Ludacris’s “Battle of the Sexes” has an ambitious title and premise that it does not live up to. When the album remembers to be a “battle” rather than an endless string of mildly memorable dance tunes and awkward sex songs, it presents a one-sided and misogynistic view of women affirmed by Ludacris and a host of male and female collaborators.
Ludacris’s strengths as a rapper have always been his unique Southern flow, his lyrical witticism, and his ability to create memorable dance songs that often start, revive, or climax parties. Some of his talents are clearly on display on “Battle of the Sexes;” his verbal syncopation and lyrical dexterity are especially evident on “How Low,” and “I Know You Got a Man.” On both tracks, Ludacris’s tongue skips over witty lyrics so quickly and skillfully that his self-congratulatory laughs and hoots seem well-deserved. The already-popular “How Low” is the standout party song on the album, its driving beats, thumping bass, and catchy chorus recreating the successful formula of his previous singles like “Get Back” and “Rollout.”
When the album strays from lighthearted party songs and into the territory of sex and relationships, it begins to falter. “Sex Room” and “Feelin’ So Sexy” are the two most awkward songs in that respect. “Sex Room,” a collaboration between Ludacris and Trey Songz, would be better if it was just by Songz. The sinuous melodies and the soulful, moaning lyrics of Songz’s chorus and verse make the song as sexy as it aspires to be, while Ludacris’s forcefully rapped verses stick out like a sore thumb. The most jarring line in the song—“Nipples hard as rocks / Lips as soft as cotton”—conjures up an incredibly unsexy vision of an aroused woman, only compounded by Ludacris’s extra emphasis on the word “rocks.” “Feelin’ So Sexy” feels like listening to other peoples’ phone sex, and Ludacris’s usually entertaining lyrical metaphors fail again when he says he’s going to make his girl “as wet as Niagara Falls,” a disturbing and decidedly unattractive thought.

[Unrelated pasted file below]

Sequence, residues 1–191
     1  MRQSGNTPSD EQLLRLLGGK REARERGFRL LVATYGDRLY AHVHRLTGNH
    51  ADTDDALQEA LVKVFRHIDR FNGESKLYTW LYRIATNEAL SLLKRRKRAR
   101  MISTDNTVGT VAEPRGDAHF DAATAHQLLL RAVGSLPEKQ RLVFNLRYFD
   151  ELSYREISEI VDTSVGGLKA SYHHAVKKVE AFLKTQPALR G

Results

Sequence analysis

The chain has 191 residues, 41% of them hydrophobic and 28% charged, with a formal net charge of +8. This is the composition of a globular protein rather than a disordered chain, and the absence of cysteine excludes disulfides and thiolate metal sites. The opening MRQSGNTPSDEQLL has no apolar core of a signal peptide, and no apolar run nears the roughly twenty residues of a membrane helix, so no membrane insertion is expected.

The songs addressing relationships and the titular “Battle of the Sexes” are few and far between on the album. Perhaps this is because, for Ludacris, the words “sex” and “relationship” are effectively synonymous. The militant introductory song seems to promise a rap battle between Ludacris and female rappers addressing gender issues, but the album does not deliver. Perhaps “My Chick Bad” might be intended to be a shot in favor of women since it is somewhat complimentary to the fairer sex—“My chick bad / Better better than yours / Now your girl might be sick but my girl sicker / She rides that dick and she handles her liquor”—but it seems more like a celebration of Ludacris’s manhood than a tribute to women. The album includes a remix of “My Chick Bad,” which Ludacris christens, “The Pussy Rules the World Version.” Though the song features three female rappers—Diamond, Trina, and Eve—it still affirms women only in regard to their superior sex skills, clothes, and bodies.
“B.O.T.S. Radio” is the album’s ultimate, and most disappointing, exploration of the battle of the sexes. The song is set up like a radio show with rapped responses from Ludacris, Shawnna, and I-20 in response to caller complaints about their significant others. The music is sinister and aggressive and the song’s flow is very choppy. It could be intended as a tongue-in-cheek commentary on relationships, but the aggressiveness with which the rappers deliver their lines reveals a seriousness which makes the song all the more problematic. I-20’s verse about women is the most typically misogynistic, claiming that women at clubs prostitute themselves by wearing provocative clothing, giving him the right to feel them up. His lyrics do capture a particular male viewpoint, but neither Shawnna nor any of the other female rappers and singers on the album answer him, and the “battle” on the album feels distinctly one-sided.
“Battle of the Sexes” is not Ludacris’s best album, nor does it shed new light—or any light at all—on the battle of the sexes. When Ludacris focuses on innovative party songs and lighthearted wordplay he succeeds as a rapper, but when delving into real emotions, relationships, and meaningful discourse on male/female interactions and sex, he stumbles and ultimately falls, failing to produce work of the quality for which he is known.